Rapper 360 set to rock Harvey Road Tavern tonight
AUSSIE rapper 360's plan at age 14 was to become a professional basketballer.
Now at 28, he's started the first leg of his Retopia Tour, rapping to thousands of fans who sing his lyrics out across Australian regional towns.
Retopia is 360's third album. It's been a two and a half year wait for fans but it's been worth every minute.
Retopia reflects the change 360 went through after a stint of alcohol and drug addiction.
Now completely clean, he's turned to exercise as a way of clearing his mind. This positive change is reflected in the songwriting on Retopia.
Pulse chatted to 360 ahead of his Gladstone show tonight at the Harvey Road Tavern.
Tickets are $37 available from the venue.
Pulse: What is the Retopia Tour?
360: We have about 21 shows to go. It's been crazy and we've had a really good response. Queensland has been the best so far.
I haven't done a regional tour for about three years. It's been a while so it's good to get out there and play to people who are starved of live music. They are always really lose and wild.
Pulse: How is it different from your other albums?
360: I think I am always changing. If you listen to the first, second and third album you can hear a lot of change and how I have progressed as a song writer.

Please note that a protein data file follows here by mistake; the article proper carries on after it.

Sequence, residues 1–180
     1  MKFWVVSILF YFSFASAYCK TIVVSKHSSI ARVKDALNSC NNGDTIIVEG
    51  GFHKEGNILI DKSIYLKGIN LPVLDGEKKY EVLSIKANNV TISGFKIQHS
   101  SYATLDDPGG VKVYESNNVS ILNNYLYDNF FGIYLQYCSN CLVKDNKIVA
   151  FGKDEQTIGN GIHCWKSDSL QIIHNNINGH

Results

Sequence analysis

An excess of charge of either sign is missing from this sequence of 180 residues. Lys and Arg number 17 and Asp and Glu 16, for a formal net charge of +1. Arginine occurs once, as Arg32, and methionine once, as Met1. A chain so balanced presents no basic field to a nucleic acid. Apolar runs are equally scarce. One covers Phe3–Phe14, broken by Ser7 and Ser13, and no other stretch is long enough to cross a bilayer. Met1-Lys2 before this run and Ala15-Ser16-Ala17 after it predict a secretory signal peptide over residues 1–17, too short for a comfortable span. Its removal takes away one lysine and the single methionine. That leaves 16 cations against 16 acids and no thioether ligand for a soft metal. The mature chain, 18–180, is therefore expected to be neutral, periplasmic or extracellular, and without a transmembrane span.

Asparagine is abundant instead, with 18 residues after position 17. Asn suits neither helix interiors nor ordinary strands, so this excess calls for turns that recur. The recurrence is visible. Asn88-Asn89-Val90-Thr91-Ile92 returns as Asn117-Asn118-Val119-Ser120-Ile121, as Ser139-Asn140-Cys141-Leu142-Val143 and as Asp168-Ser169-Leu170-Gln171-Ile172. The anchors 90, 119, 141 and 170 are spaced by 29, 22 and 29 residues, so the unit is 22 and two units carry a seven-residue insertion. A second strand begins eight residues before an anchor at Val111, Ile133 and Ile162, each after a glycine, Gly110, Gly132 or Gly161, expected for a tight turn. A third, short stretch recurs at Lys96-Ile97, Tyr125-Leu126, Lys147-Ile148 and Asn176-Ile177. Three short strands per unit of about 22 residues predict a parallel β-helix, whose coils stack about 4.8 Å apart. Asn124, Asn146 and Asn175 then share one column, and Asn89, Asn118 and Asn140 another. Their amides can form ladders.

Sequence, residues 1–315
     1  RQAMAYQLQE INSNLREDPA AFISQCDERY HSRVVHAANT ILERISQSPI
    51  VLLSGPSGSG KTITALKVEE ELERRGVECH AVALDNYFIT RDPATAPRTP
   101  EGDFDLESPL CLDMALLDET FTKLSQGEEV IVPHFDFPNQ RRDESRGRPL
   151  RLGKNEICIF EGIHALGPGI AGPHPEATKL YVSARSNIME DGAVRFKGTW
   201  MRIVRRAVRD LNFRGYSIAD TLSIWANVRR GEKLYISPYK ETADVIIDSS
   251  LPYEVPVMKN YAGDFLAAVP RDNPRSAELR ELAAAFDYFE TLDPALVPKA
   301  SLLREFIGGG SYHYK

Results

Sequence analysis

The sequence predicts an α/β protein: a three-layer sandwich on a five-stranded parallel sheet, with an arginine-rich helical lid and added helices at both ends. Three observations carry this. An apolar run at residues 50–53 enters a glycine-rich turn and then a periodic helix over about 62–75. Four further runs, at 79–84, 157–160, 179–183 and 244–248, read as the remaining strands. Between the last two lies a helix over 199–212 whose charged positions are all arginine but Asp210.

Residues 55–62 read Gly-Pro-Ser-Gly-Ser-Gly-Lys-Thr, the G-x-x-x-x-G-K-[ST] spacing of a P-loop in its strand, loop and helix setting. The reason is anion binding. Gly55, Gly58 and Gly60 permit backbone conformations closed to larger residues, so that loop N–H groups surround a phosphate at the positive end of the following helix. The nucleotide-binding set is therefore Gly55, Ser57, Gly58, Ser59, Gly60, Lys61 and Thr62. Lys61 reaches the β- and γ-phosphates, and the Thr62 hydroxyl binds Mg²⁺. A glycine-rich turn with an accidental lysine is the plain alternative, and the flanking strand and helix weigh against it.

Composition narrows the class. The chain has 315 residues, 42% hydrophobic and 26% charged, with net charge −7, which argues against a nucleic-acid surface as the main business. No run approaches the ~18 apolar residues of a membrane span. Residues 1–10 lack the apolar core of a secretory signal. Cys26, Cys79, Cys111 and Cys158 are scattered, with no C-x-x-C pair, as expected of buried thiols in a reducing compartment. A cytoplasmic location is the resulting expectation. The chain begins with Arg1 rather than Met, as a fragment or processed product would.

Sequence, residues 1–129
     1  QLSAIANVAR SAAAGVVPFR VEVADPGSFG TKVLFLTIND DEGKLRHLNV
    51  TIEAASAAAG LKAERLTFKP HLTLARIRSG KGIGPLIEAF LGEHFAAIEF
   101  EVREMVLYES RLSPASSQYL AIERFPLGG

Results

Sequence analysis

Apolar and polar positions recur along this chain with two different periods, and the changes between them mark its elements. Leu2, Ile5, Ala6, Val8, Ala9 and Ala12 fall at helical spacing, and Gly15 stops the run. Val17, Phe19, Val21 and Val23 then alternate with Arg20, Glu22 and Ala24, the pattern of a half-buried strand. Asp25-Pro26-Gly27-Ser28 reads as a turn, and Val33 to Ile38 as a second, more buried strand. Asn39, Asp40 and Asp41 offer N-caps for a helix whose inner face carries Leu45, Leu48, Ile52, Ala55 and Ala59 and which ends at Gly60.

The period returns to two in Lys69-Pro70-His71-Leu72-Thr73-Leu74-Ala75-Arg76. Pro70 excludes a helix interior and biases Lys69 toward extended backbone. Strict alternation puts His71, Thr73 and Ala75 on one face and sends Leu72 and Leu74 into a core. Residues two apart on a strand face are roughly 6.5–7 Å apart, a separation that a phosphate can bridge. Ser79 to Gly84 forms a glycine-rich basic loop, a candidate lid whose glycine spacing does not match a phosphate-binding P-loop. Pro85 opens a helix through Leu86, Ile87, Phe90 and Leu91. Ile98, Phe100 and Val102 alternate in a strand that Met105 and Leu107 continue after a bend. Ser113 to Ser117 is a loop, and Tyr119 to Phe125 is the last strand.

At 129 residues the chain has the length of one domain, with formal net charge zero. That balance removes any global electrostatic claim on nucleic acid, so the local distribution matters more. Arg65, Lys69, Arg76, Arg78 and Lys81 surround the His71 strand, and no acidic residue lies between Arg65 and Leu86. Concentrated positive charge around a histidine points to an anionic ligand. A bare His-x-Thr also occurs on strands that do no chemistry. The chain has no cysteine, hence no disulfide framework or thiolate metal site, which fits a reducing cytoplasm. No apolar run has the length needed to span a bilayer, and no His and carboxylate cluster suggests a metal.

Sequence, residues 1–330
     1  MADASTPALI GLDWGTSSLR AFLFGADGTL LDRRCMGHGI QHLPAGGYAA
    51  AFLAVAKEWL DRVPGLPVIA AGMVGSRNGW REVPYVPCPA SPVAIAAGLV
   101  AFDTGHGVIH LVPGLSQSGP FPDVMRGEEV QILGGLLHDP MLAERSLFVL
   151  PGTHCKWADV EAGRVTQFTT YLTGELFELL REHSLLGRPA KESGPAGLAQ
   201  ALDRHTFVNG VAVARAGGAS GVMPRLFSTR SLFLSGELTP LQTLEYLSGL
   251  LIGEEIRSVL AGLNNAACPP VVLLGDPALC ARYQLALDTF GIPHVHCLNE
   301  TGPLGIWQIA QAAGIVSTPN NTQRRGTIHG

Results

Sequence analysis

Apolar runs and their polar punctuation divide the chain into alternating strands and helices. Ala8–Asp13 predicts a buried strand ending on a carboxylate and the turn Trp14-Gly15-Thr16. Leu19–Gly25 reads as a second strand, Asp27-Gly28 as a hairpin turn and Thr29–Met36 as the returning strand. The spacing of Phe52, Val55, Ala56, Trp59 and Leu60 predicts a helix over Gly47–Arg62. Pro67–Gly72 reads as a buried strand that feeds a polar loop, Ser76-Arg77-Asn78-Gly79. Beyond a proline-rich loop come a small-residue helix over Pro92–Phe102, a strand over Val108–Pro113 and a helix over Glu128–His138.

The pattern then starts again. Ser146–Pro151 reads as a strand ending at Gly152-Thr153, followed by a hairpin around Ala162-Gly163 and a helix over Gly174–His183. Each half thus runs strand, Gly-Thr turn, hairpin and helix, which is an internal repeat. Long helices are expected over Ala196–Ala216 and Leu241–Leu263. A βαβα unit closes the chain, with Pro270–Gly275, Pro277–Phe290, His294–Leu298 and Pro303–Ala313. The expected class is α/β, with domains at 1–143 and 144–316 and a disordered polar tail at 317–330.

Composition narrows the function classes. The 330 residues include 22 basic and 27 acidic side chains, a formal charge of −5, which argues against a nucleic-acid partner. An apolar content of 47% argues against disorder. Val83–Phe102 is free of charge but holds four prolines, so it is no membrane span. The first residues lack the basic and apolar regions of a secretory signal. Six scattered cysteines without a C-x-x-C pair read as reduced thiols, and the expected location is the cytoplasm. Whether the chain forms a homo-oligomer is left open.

Vocally I rap a lot different and I keep changing that in every album. I'm trying to get better.
Pulse: Was rapping always a dream you had?
360: I was really into basketball and as I was growing up, I wanted to be a professional basketball player.
I am 6 foot 4 too, so I have always been tall. Rapping was a side hobby.
When I was 18 my vision in my right eye started going really bad so that killed my passion for basketball.
It was a blessing in disguise and now I have focused more on music.
Pulse: What goes through your head when you are performing?
360: When you get up on stage, it's all adrenaline, to be honest. When you perform four or five nights a week, it's a big workout.
It's cool when people are rapping along to your words, but when you are performing I try not to make eye contact with them.
It can spin you off your lyrics, your mind starts talking to you and you think, 'what are they thinking?'
You just look over the top of people's heads, but when I am talking to them I look them in the eye.
Pulse: After the show what do you do?
360: After the show it takes me half an hour to cool off. I'm covered in sweat and sometimes if the venue is still open I stand at the merchandise table and have a chat to people.
Pulse: Where are you at the moment?
360: We just left Airlie Beach and we on our way to Gladstone in a van.
Pulse: What's the show in Gladstone going to be like?
360: It's going to be wild.